From World War II, when he represented the youth of the country engaged in hard work and its evolving culture, to present day, when the Archie comics embody issues of LGBTQ rights (the recently introduced Kevin Keller), and Feminism, Archie never aged beyond his teen years. It was his story that did, and even now, it continues to put on a new skin with each era it bears witness to.

This passage of time is very clear in the food culture of the said series too. A series that began with the humble cuisine of war, representing the reality of keeping wastage and extravagance to a minimum, has evolved today to the fine cuisine culture of massive consumption.  The “type” of food consumed by the characters shows this too. While sandwiches and punch remains a staple, we go from ice-cream sodas to Choklit Shoppe to Teriyaki Mushrooms and the USA cuisine by Gaston to Pizza Culture. Pizza entered popular culture in the USA during the 1940s and it was at this time, when it began sprouting around the country from 1945-1960, that it also appeared as a staple of the gang, never to leave again. As America recovered from the war and a celebratory, indulgent decade followed, Jughead Jones, the glutton, was born.

Before I move on to characters and their relations to food, I must mention why Pizza was and is still such a staple of the gang in the Archies, even though Pop sells mostly Burgers. As many historians have noted, Pizza unlike popular American food like Hot dogs and hamburgers is a communal food and hence, inserting it into the comics and American History shows a coming together of the community.

This coming together hence also reflects a key trait in Jughead, clearly distinguishing him as an individualist and a glutton through instances like him never sharing his pizza (except when required, like for charity, which casts him in a positive light for the readers) and being capable of eating twenty-five pizzas alone (in a competitive eating event).

Forsythe P. Jughead Jones III is best recognised by his insatiable appetite and interesting choice of headwear. (archiecomics.com)

He first appeared in Pep Comics #22, 1941 as Archie’s close friend and, his voracious appetite soon followed in later issues (mostly post-war). He is capable of eating superhuman amounts of food in one sitting, and the interesting part is – he never gains a pound!

While some have attributed this to his metabolism, others have attributed it to the fact that it is his brain working at a better speed that burns the calories. If it’s his metabolism that we are attributing it to (In a comic, he exchanges his metabolism for the best pizza in the world, which indicates that the authors agree with the metabolism viewpoint), then it hints towards a trait that pertains to not just Jughead, but society as a whole – the trait of having rampant desire, the lust to “consume” everything in sight and yet, not having to face any consequences. This particular argument translates to no-reins Capitalism and commoditisation that American Society embodies too.

The irony lies in the fact that, just like Jughead, American Society has to face the consequences of their “consumption”. Jughead is constantly drowning under the debt of his tab that he runs up at various eateries. It wouldn’t be too far flung a statement to make that American Society too, is drowning under a similar kind of weight.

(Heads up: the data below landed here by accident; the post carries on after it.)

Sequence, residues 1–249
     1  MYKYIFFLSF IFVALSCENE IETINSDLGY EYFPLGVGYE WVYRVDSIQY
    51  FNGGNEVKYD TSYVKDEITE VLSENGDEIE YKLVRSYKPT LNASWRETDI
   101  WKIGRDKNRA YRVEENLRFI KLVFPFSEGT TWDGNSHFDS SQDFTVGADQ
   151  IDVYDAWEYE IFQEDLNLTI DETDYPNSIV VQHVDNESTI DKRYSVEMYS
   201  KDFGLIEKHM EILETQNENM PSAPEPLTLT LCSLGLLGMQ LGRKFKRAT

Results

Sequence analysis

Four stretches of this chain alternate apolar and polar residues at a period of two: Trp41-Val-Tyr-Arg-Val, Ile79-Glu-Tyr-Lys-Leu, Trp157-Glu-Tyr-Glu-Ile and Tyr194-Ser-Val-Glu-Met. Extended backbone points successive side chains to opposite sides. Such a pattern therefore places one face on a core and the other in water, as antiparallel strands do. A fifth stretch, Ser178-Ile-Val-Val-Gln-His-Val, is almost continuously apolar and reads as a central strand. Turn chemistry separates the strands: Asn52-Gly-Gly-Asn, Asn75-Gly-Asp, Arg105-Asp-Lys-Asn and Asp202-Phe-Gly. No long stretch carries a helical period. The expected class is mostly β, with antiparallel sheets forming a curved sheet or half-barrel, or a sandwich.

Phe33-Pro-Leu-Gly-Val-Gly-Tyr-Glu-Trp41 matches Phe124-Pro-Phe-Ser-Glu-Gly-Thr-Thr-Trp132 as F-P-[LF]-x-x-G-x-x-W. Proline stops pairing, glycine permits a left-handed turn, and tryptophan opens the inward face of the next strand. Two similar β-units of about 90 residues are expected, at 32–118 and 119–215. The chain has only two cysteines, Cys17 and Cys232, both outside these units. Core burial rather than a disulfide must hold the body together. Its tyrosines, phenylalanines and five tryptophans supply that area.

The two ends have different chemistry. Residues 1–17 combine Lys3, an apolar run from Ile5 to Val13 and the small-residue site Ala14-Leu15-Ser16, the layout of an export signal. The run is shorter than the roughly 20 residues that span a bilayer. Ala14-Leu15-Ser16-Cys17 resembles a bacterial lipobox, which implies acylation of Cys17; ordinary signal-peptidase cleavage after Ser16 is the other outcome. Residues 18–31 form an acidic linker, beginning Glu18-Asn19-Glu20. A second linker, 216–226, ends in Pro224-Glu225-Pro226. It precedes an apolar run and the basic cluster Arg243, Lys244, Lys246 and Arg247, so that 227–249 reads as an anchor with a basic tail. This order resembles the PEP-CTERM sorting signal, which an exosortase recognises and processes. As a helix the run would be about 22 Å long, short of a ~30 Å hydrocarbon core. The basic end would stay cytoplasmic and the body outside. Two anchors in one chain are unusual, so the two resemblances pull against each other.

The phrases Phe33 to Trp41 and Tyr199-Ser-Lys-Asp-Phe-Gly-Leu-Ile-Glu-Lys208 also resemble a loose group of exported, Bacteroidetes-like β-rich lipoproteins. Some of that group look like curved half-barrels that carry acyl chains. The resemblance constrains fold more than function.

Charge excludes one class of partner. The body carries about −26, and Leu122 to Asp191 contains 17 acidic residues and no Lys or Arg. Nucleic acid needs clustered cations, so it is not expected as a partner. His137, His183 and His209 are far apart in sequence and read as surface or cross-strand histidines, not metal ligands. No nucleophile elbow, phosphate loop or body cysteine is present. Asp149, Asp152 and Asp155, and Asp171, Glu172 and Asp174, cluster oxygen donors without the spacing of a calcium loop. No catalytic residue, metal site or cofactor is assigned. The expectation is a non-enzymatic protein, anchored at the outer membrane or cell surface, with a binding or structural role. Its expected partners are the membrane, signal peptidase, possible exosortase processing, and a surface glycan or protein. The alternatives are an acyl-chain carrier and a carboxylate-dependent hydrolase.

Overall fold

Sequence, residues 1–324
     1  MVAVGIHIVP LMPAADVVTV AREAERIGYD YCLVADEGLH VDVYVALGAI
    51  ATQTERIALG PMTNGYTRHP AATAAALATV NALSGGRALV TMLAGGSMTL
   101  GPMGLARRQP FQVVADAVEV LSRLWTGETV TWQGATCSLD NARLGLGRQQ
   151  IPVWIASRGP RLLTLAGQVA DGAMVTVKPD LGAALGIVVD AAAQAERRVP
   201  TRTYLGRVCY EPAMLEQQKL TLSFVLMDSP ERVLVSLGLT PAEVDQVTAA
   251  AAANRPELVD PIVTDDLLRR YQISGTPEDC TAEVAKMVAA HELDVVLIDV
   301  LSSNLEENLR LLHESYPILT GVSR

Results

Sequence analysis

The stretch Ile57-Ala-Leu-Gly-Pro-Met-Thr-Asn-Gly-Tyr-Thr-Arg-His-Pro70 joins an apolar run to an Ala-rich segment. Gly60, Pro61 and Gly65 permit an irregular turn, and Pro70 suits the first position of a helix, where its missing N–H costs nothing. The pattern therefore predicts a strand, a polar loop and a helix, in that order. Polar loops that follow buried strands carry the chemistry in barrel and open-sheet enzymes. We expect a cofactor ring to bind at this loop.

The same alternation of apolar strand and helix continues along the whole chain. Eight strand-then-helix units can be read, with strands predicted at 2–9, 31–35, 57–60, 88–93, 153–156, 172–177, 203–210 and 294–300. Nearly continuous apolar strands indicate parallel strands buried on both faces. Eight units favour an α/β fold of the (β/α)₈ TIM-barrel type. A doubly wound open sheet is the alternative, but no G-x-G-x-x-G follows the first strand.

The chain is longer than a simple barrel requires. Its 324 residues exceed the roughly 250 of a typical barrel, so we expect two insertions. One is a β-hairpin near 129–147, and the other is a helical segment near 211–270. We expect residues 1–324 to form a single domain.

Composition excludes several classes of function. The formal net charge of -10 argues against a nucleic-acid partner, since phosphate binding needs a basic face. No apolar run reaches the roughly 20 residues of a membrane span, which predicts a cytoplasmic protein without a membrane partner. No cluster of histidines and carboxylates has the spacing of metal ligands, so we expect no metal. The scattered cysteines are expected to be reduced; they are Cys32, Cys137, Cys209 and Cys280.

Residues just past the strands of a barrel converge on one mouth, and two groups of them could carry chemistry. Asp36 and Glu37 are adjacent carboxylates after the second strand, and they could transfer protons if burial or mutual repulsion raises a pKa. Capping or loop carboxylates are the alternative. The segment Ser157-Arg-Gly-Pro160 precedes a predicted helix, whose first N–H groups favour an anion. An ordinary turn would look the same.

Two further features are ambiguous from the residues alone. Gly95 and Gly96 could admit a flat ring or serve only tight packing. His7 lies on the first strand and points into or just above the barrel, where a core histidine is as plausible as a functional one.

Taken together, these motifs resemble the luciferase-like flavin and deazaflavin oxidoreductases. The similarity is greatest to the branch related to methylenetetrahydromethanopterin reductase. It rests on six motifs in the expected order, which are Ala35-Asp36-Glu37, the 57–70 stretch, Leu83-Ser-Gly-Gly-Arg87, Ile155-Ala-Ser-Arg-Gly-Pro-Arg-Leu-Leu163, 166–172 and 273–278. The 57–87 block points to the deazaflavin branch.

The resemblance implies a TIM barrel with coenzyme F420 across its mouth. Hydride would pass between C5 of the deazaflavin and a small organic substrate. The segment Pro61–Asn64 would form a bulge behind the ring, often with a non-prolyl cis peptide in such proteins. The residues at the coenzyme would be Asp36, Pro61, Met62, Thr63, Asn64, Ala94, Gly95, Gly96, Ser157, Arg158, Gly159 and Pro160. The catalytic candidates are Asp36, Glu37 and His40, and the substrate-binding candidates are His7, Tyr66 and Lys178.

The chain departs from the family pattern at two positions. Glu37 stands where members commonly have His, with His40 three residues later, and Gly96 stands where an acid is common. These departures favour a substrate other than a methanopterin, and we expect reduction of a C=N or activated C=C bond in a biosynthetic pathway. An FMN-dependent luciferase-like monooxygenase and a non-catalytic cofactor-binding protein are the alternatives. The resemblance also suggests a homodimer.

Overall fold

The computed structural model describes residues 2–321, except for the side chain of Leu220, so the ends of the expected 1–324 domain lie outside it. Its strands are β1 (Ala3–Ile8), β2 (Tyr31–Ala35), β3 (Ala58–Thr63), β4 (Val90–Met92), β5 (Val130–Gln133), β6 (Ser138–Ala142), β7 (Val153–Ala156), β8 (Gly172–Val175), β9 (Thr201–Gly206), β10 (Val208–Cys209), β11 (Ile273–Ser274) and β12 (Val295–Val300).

Moving on to another argument of his mental capabilities, it is a widely agreed fact that Jughead indeed, is a very intelligent person who if required can perform miracles, but rarely does, until it is absolutely required. The one and only time his “superior” senses kick in are when he is avoiding girls or foraging for food. If we look at it from an evolutionary perspective, looking for food and, escaping predators is a massive part of our evolutionary history. Life for our ancestors and us is about sustenance – the struggle to survive in this world. Those who could forage for food better and fight off external intrusions the best i.e., could protect themselves, survived, and thereby, were recognized as belonging to the superior strata of human beings. This automatically puts Jughead Jones in the more advanced category of the human race.

This finally brings us to the topic of the female population in the series and their relation to food. Just like other aspects of the comic have been affected by the temporal space they have been set in, so has the comic’s approach to dealing with the women in the series changed. The females have come a long way from being just the love interests and men’s potential dates to today having a mind and opinion of their own (clearly showcased in the many series which are now “Betty and Veronica” and not Archies). From embodying the sweet girl-next-door who loves cooking and is perfect wife-material for your best friend, the female characters have evolved into girls who can be basketball players and scientists. Gender roles did undergo a change in the society and hence, the comics.

Food as a trope of course, was recurrent in this case too. A woman who could cook was the ideal choice for a man to marry. Hence Betty Cooper, the original love interest of Archie was, and still is, one of the better cooks of the series – the perfect girl who bakes cakes and cookies for the men in the series to consume. Veronica Lodge, on the other hand, is one of the worst cooks out there, but then again, who needs to learn cooking if your father’s money can hire the best cook out there for you? The choice of food and, the ability to cook food, hence distinguishes between the girls’ class and financial status.